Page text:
‘Fairview’: Go See This: It’ll Make You Feel Just Awful
Posted June 17, 2018 7:56 p.m. EDT
NEW YORK — Let me give you fair warning on “Fairview,” Jackie Sibblies Drury’s dazzling and ruthless new play: If you see it — and you must — you will not be comfortable.
That’s not because the seats at Soho Rep., where this extraordinary show opened Sunday night, are any harder or lumpier than those of most small, downtown theaters. But you will undoubtedly be squirming in yours.
You will also wind up questioning your basic right to sit there, especially if, like the majority of New York theatergoers, you are a white person. And some time after the show has ended, when you’re thinking straight again, you’ll realize just how artfully you have been toyed with before the final kill, as the mouse to one canny cat of a play.
Directed with disarming smoothness and military precision by Sarah Benson, “Fairview” begins amicably enough, or so it would appear. What occurs in its protracted first scene isn’t all that different from a standard-issue sitcom episode of, say, the mid-to-late-1980s.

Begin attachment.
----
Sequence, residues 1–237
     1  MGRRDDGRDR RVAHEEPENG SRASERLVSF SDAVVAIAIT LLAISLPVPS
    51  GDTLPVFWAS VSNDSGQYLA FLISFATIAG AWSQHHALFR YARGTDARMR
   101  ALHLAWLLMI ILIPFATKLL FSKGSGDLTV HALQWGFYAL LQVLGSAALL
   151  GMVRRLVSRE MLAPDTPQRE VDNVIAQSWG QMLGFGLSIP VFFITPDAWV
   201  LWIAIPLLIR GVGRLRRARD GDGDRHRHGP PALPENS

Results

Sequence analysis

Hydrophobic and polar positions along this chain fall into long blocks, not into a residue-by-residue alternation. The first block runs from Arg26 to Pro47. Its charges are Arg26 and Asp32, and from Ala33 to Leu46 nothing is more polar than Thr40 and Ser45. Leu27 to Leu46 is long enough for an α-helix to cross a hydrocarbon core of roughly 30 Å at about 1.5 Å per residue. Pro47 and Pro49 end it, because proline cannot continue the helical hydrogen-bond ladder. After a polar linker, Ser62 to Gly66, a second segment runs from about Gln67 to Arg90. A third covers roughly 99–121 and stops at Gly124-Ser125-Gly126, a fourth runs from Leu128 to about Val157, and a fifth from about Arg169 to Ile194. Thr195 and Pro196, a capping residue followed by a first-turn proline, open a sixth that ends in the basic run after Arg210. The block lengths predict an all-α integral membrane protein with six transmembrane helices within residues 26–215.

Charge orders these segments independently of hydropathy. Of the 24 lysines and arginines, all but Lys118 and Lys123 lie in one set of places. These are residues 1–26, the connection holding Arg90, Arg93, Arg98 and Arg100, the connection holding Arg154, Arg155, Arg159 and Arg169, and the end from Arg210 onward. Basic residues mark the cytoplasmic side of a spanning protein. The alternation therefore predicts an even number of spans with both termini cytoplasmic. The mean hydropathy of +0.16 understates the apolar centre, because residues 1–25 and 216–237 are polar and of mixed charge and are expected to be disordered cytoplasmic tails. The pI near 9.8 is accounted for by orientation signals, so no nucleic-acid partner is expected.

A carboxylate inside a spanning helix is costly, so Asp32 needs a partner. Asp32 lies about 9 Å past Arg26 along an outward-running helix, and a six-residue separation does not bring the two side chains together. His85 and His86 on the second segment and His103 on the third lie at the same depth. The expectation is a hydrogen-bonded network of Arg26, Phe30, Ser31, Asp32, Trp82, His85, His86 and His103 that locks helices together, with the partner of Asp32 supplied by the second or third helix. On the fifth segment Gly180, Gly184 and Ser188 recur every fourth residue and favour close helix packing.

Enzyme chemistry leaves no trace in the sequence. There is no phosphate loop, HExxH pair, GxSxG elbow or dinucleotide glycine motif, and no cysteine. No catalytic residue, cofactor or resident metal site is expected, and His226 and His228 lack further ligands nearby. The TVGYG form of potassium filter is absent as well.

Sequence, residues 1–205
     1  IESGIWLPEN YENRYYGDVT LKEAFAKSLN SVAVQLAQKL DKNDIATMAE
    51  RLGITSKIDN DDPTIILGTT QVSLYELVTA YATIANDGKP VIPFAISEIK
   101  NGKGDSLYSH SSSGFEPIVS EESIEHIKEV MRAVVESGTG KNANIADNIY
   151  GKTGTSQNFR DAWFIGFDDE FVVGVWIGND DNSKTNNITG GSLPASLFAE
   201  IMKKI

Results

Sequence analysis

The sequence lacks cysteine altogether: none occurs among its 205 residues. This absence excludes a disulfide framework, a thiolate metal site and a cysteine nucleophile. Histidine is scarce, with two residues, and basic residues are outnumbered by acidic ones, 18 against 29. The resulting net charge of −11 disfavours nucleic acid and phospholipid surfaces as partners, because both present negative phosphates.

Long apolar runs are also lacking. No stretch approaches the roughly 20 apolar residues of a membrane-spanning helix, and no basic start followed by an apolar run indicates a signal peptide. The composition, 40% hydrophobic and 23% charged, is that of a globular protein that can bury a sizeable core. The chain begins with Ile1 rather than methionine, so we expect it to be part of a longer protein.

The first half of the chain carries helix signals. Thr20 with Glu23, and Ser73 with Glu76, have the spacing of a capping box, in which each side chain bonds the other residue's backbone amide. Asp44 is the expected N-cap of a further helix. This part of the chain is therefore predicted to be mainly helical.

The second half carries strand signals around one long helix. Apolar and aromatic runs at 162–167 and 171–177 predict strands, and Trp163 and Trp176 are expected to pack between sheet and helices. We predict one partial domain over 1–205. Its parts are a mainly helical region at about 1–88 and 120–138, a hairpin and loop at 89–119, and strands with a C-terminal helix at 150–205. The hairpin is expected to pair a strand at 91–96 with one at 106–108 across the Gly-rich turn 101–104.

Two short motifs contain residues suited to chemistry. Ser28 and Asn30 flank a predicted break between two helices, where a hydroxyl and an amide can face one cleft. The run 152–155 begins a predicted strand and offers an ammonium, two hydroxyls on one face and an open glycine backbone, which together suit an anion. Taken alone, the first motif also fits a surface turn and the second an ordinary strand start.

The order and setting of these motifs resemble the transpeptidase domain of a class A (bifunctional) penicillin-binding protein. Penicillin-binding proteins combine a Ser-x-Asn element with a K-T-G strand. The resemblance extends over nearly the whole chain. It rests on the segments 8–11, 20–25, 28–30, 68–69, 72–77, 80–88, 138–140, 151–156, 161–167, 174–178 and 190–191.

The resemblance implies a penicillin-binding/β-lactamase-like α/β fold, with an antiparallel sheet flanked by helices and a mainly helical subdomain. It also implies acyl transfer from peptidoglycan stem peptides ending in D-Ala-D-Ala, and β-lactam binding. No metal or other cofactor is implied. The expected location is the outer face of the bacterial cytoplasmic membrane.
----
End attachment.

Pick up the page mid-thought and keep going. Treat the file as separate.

A middle-class, impeccably coifed and made-up mom, Beverly Fraser (Heather Alicia Simms), is anxiously preparing for a party in her fastidiously appointed, beige-on-beige home. It’s her formidable mother’s birthday, and Beverly wants everything to be perfect.
But her loving husband, Dayton (Charles Browning); their teenage daughter, Keisha (MaYaa Boateng); and especially Beverly’s officious sister, Jasmine (Roslyn Ruff), aren’t being very helpful. Will the carrots be peeled and cooked, the cake baked and the table set as it should be before Grandma, who is upstairs, makes her entrance?
Sounds like a snooze, doesn’t it? Still, you may detect an occasional tear — so small it barely lets light through — in the glossy expositional blandness. For instance, the music Beverly has on melts and mutates for a microsecond; every now and then, the expression on her face turns lost and wary; and the geography of the characters’ entrances and exits feels strangely illogical, when you think about it.
And that, really, is all I can say about what happens in “Fairview,” at least without spoiling one of the most exquisitely and systematically arranged ambushes of an unsuspecting audience in years. Oh, I do need to mention that the Fraser family is black.